Regulation AT forges ahead, this time with a Round 2 panel convened on June 10th at which the CFTC focused the discussion on five major sticking points:
1. Amendments to the proposed definition of direct electronic
2. Quantitative measures to establish the population of persons
3. Alternatives to require each person defined as an "AT Person" to implement and utilize pre-trade risk controls
4. AT Persons' compliance with requirements under RegAT when using third-party algorithms or systems
5. Source code retention and access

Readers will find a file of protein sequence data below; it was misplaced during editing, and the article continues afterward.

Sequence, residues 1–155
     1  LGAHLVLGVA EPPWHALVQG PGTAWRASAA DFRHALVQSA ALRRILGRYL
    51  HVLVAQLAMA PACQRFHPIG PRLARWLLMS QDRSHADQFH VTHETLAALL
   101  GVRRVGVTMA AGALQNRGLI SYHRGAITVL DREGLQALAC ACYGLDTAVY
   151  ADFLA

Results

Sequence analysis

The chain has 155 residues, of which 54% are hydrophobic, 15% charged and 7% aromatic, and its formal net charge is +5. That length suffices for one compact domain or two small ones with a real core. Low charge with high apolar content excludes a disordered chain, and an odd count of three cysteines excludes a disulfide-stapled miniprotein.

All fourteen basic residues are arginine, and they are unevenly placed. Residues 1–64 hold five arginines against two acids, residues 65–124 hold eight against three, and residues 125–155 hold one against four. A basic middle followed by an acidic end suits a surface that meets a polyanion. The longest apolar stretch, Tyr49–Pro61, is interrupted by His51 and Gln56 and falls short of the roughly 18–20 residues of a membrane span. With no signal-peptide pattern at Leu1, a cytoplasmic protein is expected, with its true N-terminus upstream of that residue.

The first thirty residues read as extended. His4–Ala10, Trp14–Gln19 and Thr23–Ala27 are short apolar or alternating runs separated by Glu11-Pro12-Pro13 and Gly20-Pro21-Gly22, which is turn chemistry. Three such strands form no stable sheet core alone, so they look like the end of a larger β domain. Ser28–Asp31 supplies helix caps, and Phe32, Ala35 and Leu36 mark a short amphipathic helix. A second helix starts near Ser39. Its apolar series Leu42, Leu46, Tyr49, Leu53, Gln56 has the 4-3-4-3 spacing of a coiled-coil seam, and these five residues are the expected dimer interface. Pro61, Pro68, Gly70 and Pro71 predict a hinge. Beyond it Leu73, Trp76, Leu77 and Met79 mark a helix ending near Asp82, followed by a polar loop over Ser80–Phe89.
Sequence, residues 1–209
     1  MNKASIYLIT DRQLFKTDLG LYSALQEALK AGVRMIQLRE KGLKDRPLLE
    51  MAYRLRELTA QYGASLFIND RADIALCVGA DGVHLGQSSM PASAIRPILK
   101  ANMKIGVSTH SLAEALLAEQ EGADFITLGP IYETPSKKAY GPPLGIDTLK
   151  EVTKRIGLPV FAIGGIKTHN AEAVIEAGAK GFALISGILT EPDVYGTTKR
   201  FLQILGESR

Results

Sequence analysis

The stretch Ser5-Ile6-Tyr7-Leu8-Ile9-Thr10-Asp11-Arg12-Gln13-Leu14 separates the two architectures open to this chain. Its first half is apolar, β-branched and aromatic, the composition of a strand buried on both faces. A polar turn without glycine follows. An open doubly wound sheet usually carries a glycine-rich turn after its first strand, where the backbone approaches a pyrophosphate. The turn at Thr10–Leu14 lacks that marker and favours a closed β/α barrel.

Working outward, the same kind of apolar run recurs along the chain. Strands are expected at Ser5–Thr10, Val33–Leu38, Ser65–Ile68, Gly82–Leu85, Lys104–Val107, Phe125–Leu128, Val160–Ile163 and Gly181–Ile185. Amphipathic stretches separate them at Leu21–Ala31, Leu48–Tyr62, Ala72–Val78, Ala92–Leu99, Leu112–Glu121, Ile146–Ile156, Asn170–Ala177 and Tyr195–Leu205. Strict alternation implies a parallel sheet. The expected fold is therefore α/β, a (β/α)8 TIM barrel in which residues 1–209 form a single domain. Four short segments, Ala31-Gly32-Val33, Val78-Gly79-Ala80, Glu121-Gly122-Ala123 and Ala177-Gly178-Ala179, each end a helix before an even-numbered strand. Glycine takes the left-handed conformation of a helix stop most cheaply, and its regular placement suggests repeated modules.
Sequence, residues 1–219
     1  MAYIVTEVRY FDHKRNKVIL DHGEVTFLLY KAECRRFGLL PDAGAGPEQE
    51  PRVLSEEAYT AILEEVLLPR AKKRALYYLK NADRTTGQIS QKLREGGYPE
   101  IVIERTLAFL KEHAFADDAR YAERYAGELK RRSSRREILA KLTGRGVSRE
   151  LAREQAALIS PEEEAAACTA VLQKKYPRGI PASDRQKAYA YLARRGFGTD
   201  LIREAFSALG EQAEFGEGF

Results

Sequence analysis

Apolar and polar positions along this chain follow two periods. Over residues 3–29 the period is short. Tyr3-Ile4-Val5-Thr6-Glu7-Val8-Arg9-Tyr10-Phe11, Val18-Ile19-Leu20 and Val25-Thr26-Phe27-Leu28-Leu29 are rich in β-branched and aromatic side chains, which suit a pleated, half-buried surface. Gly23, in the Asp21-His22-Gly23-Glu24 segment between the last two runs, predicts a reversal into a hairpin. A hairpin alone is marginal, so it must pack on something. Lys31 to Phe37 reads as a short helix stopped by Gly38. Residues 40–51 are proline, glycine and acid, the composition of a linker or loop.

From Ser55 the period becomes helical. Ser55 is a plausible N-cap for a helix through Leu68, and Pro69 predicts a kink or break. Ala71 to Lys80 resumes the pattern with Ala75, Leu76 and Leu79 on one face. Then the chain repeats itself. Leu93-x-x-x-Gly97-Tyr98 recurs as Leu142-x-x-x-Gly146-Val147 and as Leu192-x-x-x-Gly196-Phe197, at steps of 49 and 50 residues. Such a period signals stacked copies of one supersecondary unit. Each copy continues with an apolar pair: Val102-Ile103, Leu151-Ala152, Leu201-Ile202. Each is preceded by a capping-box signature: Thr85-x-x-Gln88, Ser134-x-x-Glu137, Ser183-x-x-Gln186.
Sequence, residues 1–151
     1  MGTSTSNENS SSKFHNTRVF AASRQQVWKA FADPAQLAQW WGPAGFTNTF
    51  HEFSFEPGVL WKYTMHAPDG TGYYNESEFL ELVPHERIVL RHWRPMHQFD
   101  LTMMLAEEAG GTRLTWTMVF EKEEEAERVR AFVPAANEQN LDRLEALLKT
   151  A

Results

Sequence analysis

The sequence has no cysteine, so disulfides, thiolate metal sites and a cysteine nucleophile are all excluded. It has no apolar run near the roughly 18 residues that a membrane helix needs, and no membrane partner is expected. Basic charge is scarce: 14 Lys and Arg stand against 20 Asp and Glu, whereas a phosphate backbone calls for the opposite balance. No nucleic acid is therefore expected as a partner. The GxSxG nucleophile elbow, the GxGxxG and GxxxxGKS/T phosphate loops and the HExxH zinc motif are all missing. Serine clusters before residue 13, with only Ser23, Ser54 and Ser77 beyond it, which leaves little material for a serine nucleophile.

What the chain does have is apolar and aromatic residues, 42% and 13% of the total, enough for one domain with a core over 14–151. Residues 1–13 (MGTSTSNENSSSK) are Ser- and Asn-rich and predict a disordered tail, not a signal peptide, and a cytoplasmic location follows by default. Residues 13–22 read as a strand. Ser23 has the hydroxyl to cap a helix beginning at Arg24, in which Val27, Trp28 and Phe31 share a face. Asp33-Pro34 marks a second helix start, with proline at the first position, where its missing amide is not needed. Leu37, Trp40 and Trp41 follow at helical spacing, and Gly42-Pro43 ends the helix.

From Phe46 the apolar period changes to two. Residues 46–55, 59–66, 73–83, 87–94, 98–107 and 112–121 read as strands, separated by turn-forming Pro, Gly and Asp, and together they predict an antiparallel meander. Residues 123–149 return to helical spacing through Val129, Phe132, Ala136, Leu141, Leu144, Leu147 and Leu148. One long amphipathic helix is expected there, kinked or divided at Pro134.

Round 2 is a welcome step in the right direction, and by revisiting these topics with the people who know them best, we can take a proactive step towards demystifying RegAT. The choice of topics also reveals a sense of urgency in getting RegAT moving, and soon. That sentiment was echoed by CFTC Chairman Massad at a conference in New York earlier this month where he expressed a willingness to split RegAT into more digestible parts.
The next question is what to expect in Round 3. The untold story of RegAT is that the effectiveness of US-based regulation can so often depend on the person serving as US President at the time of its implementation. RegAT faces a race of its own, then, to get the rules finalized before the current political uncertainty materializes into a reality in November.